An international tribunal such as the European Court of Human Rights is often lauded for its protection of human rights. Yet, there is room for improvement. The Court's adjudication style would benefit from more structured balancing of competing interests. Not only would greater structure serve to enhance the Court's efficiency and promote legal certainty, but it would also help to clarify the Court's subsidiary role in relation to national authorities when it comes to the protection of human rights. In bringing more structure to the Court's decision-making process, inspiration can be drawn from the debate regarding the balancing/categorization continuum to be found most notably in United States constitutional law. Positioning the Court's jurisprudence at either end of this continuum would neither serve to enhance its decision-making, nor would it reflect reality. Instead its method of adjudication should seek to reconcile the best of both extremes by passing judgments that not only give guidance to how future balancing exercises should be conducted, but also recognize national authorities' margin of appreciation in applying the European Convention on Human Rights. Three case studies are explored to conceptualize structured balancing, namely questions regarding the Islamic headscarf, physician assisted suicides and the dissolution of political parties.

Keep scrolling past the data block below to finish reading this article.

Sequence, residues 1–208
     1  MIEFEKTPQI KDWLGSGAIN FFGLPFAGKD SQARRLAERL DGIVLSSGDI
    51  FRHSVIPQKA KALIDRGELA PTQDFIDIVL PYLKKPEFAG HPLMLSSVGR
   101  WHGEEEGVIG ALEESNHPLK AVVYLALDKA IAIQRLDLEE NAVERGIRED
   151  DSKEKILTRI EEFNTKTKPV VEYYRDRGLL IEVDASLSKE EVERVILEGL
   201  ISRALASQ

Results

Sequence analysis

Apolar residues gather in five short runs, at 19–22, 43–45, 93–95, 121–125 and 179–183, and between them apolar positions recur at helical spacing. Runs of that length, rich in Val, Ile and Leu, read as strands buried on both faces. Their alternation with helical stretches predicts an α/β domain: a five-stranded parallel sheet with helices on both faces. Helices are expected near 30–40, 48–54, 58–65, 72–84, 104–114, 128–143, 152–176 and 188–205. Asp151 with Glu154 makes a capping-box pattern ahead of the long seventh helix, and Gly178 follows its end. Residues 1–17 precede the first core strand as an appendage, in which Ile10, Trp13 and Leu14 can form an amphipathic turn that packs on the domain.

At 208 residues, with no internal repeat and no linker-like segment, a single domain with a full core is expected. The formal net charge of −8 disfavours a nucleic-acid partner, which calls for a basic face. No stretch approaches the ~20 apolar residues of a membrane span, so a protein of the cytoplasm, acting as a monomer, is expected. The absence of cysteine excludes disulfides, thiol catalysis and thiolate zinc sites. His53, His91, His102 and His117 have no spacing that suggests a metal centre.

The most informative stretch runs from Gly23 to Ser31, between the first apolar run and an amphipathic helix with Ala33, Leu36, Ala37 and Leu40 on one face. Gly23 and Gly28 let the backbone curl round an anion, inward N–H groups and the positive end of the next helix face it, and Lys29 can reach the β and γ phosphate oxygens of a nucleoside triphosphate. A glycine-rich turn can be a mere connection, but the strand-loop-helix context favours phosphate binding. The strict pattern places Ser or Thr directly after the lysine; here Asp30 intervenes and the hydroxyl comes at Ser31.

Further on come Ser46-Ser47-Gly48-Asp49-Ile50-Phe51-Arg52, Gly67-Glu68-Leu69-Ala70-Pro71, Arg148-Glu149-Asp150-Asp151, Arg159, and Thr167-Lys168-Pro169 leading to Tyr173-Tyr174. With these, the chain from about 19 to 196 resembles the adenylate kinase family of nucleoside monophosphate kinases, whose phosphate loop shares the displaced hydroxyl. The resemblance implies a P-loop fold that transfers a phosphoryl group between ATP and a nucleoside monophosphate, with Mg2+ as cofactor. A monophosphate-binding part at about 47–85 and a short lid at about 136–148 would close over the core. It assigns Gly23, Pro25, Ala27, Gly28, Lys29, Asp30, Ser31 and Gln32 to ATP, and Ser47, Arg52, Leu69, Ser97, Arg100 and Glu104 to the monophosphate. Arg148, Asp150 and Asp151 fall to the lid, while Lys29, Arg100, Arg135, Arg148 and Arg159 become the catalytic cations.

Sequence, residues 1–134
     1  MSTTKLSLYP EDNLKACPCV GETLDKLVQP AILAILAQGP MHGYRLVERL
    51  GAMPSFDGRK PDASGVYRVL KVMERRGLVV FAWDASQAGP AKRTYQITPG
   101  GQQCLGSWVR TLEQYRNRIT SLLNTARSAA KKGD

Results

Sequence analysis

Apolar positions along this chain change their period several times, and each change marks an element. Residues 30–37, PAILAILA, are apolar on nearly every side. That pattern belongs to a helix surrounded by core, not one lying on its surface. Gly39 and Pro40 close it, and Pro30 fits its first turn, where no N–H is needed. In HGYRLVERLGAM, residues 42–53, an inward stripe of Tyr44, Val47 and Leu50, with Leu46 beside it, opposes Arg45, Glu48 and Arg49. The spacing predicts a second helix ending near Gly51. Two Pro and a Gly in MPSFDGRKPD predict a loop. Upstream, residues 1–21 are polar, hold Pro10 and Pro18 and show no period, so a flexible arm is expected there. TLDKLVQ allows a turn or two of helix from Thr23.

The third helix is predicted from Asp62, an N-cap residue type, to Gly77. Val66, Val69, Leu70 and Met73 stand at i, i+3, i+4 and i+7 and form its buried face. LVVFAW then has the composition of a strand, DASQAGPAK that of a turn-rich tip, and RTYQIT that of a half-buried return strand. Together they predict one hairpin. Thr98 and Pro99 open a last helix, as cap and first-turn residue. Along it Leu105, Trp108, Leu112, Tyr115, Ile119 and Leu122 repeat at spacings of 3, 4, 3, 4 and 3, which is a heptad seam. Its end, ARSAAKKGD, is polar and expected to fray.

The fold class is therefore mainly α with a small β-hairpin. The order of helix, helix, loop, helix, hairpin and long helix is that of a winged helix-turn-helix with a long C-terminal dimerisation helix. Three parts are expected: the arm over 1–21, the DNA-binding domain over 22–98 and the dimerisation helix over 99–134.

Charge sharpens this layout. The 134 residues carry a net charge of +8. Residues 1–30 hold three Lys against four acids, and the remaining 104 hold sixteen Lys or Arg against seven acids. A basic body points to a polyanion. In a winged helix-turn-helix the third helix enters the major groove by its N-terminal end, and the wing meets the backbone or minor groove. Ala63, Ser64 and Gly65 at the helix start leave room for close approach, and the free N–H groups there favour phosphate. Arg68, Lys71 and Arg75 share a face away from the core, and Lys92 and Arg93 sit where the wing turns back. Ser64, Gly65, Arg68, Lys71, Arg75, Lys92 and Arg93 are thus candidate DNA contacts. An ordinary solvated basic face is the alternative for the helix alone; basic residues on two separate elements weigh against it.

Stefan Sottiaux and Gerhard van der Schyff,
Methods of International Human Rights Adjudication: Towards a More Structured Decision-Making Process for the European Court of Human Rights,
31 Hastings Int'l & Comp. L. Rev. 115
Available at: https://repository.uchastings.edu/hastings_international_comparative_law_review/vol31/iss1/3